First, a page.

The Main was chicken en croute, celeriac mash, french beans and a thyme jus, and from memory we were served this around the Tower of London on the outward journey. Personally I thought the service was good and the time between the course was ok, although my wife felt things were a little rushed.

Both the starter and main were well prepared and looked nice on the plate, the chicken was cooked well and melted in the mouth.

Between the main and dessert; I decided to go on to the upper deck, this meant a walk back through the boat and out at the rear to locate the stairs up.

Although the weather wasn't brilliant; it wasn't bad either, just a typical London day in April, a bit overcast but warm enough.  I thought more people would be on the upper deck taking in the views but I had it to myself.

Upper deck, Shad, Tower Bridge and the Walkie-talkie

There were a few people that came up after I'd taken the above picture, but it seemed that most were happy to stay down in the restaurant. Personally I felt there wasn't a great deal of time to go up on to the deck, after finishing dessert the boat was almost back at the Embankment pier.

Vanilla Pannacotta

Dessert was Vanilla Pannacotta with a macaroon biscuit and raspberry coulis.  This was the most disappointing part of the whole meal, I found the pannacotta to be very bland and the macaroon biscuit was very hard, so hard is fact that it was difficult to break without shards of it trying to escape across the restaurant.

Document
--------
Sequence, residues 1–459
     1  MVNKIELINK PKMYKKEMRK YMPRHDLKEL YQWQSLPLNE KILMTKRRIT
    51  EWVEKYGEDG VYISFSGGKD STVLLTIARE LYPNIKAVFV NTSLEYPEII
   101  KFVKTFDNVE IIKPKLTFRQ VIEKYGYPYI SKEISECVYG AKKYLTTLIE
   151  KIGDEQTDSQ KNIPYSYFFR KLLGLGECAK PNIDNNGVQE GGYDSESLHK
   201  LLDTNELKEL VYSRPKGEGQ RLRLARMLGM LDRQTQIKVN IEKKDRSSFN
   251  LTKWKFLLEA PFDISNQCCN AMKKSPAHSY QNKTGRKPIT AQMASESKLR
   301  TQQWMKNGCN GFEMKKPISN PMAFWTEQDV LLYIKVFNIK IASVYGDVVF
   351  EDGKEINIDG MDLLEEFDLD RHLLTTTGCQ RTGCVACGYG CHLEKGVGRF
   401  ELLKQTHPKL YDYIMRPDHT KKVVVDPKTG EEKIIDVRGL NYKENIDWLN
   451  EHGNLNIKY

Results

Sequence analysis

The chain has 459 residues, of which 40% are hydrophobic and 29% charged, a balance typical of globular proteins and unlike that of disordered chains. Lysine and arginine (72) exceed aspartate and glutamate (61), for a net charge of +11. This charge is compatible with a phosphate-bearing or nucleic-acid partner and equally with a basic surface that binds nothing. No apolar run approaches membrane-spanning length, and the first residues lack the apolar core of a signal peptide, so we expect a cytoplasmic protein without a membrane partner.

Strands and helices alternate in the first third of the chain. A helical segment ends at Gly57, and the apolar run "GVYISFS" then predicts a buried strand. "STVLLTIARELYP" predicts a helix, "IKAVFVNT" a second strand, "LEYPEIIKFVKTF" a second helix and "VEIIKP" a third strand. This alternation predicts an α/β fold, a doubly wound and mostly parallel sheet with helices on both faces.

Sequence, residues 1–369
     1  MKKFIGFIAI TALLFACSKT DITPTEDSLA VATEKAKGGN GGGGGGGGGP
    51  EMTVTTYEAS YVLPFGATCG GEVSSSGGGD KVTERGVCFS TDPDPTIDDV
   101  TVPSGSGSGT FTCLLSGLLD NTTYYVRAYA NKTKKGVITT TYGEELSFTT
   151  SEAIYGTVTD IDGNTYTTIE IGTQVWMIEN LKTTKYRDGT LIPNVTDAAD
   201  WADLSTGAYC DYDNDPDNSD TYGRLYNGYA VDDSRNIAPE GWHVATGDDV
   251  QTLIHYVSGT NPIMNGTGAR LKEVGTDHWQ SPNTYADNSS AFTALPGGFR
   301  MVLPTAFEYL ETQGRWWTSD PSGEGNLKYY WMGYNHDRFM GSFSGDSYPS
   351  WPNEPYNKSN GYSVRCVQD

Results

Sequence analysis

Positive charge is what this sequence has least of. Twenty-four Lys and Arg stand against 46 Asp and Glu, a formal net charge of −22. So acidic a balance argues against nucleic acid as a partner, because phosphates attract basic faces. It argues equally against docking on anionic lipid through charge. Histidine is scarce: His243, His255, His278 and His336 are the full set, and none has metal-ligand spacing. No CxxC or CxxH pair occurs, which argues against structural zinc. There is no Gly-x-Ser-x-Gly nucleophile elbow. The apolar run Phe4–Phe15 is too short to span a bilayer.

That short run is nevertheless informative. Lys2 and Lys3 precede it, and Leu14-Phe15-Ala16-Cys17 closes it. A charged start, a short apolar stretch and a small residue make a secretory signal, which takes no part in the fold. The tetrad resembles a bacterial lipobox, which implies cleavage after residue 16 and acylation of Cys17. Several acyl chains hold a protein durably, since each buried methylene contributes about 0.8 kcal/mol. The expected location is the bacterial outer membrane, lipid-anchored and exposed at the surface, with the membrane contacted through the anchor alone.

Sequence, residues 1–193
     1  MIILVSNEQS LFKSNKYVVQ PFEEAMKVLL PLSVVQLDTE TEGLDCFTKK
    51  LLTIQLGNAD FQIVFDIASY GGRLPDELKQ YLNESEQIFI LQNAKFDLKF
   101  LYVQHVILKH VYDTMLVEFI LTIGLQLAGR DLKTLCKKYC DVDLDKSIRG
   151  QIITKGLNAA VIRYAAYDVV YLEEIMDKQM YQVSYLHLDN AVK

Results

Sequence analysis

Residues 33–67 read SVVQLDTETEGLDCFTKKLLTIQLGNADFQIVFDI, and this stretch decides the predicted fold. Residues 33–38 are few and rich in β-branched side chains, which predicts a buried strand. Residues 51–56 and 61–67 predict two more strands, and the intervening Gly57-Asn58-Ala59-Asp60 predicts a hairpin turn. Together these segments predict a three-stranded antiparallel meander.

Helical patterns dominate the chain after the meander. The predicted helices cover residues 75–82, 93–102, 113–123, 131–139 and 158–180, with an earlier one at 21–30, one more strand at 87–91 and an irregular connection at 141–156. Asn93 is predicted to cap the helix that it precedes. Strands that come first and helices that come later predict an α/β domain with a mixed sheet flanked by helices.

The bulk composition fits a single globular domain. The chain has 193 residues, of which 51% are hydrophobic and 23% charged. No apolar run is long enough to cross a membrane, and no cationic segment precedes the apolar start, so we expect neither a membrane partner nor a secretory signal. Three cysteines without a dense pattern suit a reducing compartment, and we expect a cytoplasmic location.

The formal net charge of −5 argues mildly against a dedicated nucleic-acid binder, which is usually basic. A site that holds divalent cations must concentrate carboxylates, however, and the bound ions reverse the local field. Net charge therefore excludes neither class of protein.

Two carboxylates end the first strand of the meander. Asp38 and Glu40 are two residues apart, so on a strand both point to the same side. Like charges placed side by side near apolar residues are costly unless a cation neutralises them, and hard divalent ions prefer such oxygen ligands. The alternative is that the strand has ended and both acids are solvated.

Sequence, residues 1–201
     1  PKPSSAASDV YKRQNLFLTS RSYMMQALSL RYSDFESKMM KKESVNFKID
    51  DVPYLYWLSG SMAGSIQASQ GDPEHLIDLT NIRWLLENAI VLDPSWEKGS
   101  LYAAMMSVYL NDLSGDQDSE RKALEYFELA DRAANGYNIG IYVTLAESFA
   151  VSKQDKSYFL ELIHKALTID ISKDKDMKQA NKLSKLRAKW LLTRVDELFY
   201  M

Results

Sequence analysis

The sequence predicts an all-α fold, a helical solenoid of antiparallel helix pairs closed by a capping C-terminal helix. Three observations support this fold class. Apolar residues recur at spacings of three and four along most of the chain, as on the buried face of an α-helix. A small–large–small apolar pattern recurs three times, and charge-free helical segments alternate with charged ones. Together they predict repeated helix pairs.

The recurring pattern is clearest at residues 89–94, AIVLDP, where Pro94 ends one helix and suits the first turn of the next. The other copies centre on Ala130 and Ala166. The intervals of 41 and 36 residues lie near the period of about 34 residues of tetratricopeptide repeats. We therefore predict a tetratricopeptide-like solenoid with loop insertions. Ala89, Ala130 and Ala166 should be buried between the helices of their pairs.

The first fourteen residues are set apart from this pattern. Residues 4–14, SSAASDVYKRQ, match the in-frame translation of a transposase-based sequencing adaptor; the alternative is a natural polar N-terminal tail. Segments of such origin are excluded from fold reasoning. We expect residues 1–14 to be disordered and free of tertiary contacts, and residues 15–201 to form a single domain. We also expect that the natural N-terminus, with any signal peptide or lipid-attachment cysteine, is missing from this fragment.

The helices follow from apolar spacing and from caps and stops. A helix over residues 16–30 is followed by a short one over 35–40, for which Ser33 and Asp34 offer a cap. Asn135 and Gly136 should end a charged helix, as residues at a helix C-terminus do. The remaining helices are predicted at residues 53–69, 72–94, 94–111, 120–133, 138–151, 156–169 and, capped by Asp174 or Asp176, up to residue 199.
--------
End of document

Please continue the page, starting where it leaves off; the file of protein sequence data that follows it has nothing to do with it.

The whole cruise lasted 1 1/2 hours and best part of the time is taken up dining, the views form inside the boats are O.K. but like I said at time you do feel as you looking across at others.

The commentary wasn't great but that's mainly because hearing it wasn't that easy,  for me that isn't a problem as I know the history of the areas we sailed through quite well having walked most of the Thames path along here.  For a tourist who wanted a commentary of the history on the Thames I would choose one of the normal river cruises.

If you want a pretty good meal and a cruise down the thames with some different views of London this would be ideal.

The initial booking was straightforward but up to 8 weeks waiting time does seem long to me and I guess through the Summer months this could be even longer.

The company not sending out the E-ticket until 24 hours before the event is not ideal especially with the problems I encountered, and not knowing if the phoneline would be manned on a Saturday, if I still had to chase up the problem.

The Gift experience voucher was supplied free of charge by Superstore Activity.

Sunday, 16 March 2014

Vintage Fair

Yesterday was spent at a Vintage Fair on the Southbank.

Mainly Muscle cars, 40s chicks and Mods

Thursday, 6 March 2014

Rotherhithe Ramble

Another day, another urban walk.

This time a local one, around Rotherhithe and the Surrey Docks (or Surrey Quays as its now known)

Most of the route following the Thames Path, and has a lot of historical interest in the area, from the place where the Mayflower first set sail from to the first tunnel known to have been constructed successfully underneath a navigable river.

Although this side of the docks has been re-developed, it is mainly with housing and not the towering buildings of Canary Wharf and this helps to show how big the docks really were.

Rotherhithe Ramble
Greenland Dock
Tide Gauge House
Canary Wharf
Lavender Pumphouse
Rotherhithe Tunnel Shaft No.2
Brunel Museum
Hope (Sufferance) Wharf
St. Mary's Church
Thames and City of London